Gun Boy for waiting on me, driving, and making an effort to have a conversation.

The weekend is not over yet, but thinking about these people helps me to know that I will make it. It's amazing how God hears me even when I'm not calling.

I hope He hears me tomorrow when I'm screaming bloody murder at about mile 9 or so.

Thursday, August 28, 2008


I got the most hilarious email from #85 today. So funny that I have to post it here. 

"Hey Everyone,

I have a funny story. My college buddies and I are hiking Half Dome in Yosemite. So you know how it goes, we have to get everyone on the same page, make sure the flakers go, figure out car pool, camp site, etc. This involves the usual mass emails. One of our friends, G, was reluctant to go. He just got married, and we are harassing him because we think that maybe his wife isn't letter him go with us. It eventually comes out that he doesn't want to go because he thinks he can't make it up Half Dome. This is weird because in college he was a football/rugby player, so of course we are making fun of him even more.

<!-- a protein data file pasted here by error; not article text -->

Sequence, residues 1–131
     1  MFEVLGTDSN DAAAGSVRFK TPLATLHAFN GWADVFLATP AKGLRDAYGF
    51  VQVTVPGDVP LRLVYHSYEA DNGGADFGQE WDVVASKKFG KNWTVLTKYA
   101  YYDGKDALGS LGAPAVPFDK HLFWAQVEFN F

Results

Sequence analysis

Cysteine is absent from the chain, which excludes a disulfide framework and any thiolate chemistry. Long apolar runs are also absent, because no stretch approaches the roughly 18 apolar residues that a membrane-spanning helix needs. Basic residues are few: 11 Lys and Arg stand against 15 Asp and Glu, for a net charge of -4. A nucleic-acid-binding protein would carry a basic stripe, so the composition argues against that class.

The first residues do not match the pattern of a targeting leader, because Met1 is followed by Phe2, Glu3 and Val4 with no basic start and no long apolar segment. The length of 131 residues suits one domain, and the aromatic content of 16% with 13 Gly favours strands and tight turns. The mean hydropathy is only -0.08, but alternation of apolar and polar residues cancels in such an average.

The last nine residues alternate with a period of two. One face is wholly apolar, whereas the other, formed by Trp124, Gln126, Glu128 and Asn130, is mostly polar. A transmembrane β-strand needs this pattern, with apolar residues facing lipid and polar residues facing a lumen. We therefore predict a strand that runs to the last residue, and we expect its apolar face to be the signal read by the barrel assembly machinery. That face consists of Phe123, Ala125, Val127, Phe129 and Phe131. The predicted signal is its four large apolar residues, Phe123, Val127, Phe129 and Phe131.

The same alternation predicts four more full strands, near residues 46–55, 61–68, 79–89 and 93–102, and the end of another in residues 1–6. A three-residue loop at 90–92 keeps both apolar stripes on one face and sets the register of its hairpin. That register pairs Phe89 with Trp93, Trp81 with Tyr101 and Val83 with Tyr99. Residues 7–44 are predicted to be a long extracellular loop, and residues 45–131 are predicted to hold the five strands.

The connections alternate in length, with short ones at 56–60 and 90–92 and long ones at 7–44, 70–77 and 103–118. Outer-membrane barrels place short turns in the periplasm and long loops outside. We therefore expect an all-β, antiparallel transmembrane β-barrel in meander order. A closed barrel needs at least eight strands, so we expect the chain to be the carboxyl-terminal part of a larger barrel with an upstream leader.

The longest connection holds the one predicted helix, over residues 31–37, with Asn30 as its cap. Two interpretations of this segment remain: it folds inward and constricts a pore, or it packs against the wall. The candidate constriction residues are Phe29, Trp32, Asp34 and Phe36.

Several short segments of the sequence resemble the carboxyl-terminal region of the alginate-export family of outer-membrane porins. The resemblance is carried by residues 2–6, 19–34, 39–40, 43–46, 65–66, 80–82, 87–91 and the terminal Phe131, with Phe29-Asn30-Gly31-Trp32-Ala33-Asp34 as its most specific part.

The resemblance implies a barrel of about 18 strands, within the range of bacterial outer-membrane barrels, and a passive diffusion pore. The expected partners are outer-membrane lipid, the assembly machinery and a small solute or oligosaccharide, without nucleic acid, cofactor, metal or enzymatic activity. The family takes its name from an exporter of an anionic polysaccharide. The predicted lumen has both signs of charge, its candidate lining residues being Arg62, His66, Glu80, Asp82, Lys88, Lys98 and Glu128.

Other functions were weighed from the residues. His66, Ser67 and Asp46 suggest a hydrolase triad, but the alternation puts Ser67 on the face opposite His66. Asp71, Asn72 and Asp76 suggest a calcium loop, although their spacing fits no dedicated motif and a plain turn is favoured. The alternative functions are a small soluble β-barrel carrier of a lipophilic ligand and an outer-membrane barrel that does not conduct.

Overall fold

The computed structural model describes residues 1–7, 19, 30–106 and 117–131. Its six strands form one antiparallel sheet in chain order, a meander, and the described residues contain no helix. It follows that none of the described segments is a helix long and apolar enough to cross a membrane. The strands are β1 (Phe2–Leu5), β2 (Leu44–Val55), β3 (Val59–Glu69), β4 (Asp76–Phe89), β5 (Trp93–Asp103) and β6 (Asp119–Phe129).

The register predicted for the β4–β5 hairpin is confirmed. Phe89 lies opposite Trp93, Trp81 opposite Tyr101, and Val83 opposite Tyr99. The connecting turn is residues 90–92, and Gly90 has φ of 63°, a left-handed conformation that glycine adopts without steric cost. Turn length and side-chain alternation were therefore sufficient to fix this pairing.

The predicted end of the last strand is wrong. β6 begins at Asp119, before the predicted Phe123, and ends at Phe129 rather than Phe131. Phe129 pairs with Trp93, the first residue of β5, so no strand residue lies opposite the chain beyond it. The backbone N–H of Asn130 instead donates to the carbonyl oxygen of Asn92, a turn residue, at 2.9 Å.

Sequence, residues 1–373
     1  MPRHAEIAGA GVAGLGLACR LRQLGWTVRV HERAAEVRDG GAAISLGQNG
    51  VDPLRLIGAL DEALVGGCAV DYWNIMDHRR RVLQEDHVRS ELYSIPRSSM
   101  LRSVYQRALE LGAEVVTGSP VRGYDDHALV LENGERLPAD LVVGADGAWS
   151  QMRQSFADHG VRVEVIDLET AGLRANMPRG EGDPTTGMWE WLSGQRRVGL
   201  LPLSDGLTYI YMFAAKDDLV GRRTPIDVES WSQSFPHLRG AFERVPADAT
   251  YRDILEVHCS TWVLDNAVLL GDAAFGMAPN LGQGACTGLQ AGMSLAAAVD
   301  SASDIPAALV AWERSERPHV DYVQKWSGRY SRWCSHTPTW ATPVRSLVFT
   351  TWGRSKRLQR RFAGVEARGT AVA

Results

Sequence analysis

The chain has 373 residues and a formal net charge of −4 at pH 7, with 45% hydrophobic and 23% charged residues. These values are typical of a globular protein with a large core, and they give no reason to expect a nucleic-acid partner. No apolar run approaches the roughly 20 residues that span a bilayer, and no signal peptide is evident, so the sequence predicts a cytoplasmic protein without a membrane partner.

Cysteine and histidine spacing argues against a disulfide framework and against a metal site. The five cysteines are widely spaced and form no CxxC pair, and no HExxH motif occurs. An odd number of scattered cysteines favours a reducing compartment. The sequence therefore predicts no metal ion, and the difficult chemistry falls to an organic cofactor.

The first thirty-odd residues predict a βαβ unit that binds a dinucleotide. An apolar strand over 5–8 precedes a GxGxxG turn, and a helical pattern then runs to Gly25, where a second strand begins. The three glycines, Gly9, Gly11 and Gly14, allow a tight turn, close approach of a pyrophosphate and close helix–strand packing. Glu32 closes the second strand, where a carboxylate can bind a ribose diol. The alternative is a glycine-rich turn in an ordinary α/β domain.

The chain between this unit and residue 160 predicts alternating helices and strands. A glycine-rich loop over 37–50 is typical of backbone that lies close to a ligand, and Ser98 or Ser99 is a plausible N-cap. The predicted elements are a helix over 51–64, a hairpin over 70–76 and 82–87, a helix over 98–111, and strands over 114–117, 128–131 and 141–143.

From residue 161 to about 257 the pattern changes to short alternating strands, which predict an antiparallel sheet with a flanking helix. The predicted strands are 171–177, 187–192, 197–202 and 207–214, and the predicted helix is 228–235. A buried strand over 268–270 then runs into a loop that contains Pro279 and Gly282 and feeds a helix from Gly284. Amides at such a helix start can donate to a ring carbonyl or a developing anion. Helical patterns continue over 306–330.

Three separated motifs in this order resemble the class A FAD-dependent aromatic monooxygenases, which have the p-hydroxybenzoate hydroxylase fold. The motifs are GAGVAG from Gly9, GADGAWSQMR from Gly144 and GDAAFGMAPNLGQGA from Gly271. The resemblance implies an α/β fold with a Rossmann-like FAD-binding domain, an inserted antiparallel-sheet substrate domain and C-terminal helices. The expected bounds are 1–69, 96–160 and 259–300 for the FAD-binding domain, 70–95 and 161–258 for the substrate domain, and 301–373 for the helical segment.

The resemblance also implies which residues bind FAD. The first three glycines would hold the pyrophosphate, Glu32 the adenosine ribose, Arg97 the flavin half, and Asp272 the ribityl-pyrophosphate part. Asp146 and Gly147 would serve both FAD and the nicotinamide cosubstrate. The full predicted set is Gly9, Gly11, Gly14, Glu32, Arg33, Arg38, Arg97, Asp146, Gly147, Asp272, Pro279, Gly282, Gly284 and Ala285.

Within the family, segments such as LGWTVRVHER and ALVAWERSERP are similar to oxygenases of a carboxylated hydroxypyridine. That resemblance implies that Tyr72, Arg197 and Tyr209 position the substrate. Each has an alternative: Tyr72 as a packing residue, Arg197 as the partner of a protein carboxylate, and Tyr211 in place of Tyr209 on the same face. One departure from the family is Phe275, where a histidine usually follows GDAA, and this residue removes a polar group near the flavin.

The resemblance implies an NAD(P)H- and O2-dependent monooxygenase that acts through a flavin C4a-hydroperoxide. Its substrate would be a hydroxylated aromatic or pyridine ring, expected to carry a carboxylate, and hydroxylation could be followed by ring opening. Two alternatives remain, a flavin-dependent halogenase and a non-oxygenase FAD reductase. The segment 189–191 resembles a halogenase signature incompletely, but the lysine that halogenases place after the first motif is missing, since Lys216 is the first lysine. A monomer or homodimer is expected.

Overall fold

At the same time, I'm kind of in charge of making sure that we are bringing the right stuff. So we have a parallel, more serious email conversation about it. Early this week, I emailed Jane about what we should expect besides the obvious. Jane replies to me with a list of stuff that we should know. So, I forward this list to my other friend, A, who is also in charge of making sure everyone knows not to wear italian dress shoes, etc.

My friend notices that the email was sent by one "Jane LastName."

So A, forwards Jane's email to G in an attempt to shame him into going and says, "Look, sucker, even #85's friend who is a little asian girl made it." (He's never met Jane, none of my friends have met Jane. He is just assuming that she's a little asian girl, which is true. You are very petite Jane.)

G replies saying, "I did a search on #85's friend." (He also works for google, so there is an on going joke about G being able to google things really well, which is kind of true.)

He says, "Does #85's friend look little to you?"

This picture was attached ...

So now everyone is asking me where I met Jane and how many push-ups she can do.

I tell them you can do 147 in a row.

hahah, sorry Jane.



Wednesday, August 27, 2008


I left the house at 7:30 A.M. and got home at 10 P.M. I think Louie is mad at me.
They inviting me back for a fourth interview.
This is turning out to be one of the most tiring weeks of my adult life.


My MOH got engaged on August 17th!!!!!

Her fiance *eeek!* did a beyond fabulous job in getting her the ring. We, of course, had to remind her who was top dog with this pretty lil' thing.

I'm so beyond happy for her. I'm also happy that I get to be involved in planning another wedding. I'm not sure which makes me happier. ;)